When you see more and more outdoor construction projects going on, you might want to be on the lookout for scammers.
"They will come into the area. They will go door to door. They will go to not only residential, but also businesses, offering to pave your parking lot, pave your driveway," said Monica Horton, the President of the Better Business Bureau of North Central Texas.
She says they've recently gotten calls about fly-by-night pavers who claim to have a leftover load of asphalt from another job. But don't expect them to stick to the low-ball prices they tell you about.
"We've heard from some elderly victims where they were really kind of bullied them into paying the higher price," she said.
Horton says this scam has been around the area before. Just a few years ago scammers came to Larry Worthington's business with the same plot.
"They come back and they start spreading it out and then they want you to write them a check while they're working on it. They want to bully you into paying. a lot of people will pay it," he said.
Aside from the sudden jump in prices, you'll likely face a crumbling mess with grass growing through it six months later when the scammers have already left town. In Bowie there's been one report of a company called Elite Asphalt, and they even have a truck with a BBB sticker, although they're not accredited.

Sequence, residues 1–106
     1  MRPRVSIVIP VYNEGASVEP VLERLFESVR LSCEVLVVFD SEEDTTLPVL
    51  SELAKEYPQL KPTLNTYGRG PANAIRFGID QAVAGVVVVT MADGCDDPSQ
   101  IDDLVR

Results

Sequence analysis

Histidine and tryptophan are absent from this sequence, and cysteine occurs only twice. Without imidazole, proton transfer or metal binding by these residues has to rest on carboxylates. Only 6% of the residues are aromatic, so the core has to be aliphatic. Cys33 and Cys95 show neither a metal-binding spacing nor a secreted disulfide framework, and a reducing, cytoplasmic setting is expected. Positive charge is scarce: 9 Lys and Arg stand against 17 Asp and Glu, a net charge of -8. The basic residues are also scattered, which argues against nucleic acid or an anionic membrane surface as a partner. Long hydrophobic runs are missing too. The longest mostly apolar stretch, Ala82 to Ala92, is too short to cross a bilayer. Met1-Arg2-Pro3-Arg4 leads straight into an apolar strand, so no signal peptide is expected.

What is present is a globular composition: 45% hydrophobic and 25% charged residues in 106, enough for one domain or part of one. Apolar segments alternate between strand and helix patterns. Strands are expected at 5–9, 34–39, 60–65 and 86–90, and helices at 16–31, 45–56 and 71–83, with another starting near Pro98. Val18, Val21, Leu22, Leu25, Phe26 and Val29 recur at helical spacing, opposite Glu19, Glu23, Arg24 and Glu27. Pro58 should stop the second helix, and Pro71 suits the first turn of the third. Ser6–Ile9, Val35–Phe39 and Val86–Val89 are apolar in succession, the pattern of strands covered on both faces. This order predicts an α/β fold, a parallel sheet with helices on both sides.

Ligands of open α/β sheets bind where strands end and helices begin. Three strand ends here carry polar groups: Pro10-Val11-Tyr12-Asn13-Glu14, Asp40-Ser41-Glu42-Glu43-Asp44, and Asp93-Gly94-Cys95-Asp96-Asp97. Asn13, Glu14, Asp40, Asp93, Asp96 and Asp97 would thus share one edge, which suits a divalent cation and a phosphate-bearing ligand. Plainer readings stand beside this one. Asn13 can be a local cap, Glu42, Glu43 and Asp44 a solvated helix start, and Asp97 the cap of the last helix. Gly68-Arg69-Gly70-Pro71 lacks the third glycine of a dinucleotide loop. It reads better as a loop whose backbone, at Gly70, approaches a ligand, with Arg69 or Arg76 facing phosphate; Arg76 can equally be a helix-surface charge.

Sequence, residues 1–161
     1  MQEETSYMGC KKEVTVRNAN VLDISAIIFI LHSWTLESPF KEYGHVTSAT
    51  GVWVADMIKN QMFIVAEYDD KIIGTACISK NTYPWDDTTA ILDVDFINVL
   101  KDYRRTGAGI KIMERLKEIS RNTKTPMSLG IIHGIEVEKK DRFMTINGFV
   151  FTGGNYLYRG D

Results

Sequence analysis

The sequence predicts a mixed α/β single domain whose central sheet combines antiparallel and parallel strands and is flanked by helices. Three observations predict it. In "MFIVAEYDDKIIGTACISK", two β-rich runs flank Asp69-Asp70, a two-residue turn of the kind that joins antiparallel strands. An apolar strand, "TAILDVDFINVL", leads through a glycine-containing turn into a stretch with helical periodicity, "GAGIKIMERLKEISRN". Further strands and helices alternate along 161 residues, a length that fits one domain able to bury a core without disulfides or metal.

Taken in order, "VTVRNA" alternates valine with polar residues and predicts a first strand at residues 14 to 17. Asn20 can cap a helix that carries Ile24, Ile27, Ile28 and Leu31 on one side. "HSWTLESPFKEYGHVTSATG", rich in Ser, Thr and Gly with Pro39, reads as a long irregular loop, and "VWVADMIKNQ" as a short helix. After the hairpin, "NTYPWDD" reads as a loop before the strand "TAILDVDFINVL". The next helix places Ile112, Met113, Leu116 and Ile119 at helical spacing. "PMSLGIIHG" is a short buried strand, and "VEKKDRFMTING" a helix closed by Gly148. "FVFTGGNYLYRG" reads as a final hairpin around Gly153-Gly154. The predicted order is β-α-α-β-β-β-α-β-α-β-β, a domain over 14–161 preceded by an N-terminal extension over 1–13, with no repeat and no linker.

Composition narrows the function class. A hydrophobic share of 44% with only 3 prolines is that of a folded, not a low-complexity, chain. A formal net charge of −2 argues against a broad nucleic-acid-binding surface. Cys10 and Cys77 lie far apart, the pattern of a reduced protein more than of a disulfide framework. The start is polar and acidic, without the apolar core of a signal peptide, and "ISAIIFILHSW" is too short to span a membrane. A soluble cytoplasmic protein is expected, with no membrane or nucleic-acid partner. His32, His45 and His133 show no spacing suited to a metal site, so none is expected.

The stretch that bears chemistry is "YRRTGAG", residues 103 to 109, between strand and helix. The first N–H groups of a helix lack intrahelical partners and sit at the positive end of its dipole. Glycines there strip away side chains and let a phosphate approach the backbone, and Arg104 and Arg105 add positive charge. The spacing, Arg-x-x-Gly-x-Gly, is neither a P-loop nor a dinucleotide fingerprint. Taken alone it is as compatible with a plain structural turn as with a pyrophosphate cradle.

"They're gonna do anything they can to try and gain your trust and get you to hire them," Horton said.
Because of issues with solicitation permits, these scammers will often look for victims outside the city limits. But play it safe when you do look to hire someone.
"Just like with any other construction or anything like that, we want you to get at least three estimates," Horton said.
If you suspect a paver may be scamming you, you can of course call the BBB. Other advice includes asking to see permits from anyone coming door to door, and getting any promised prices in writing. Also, check to see if the company actually has a physical address.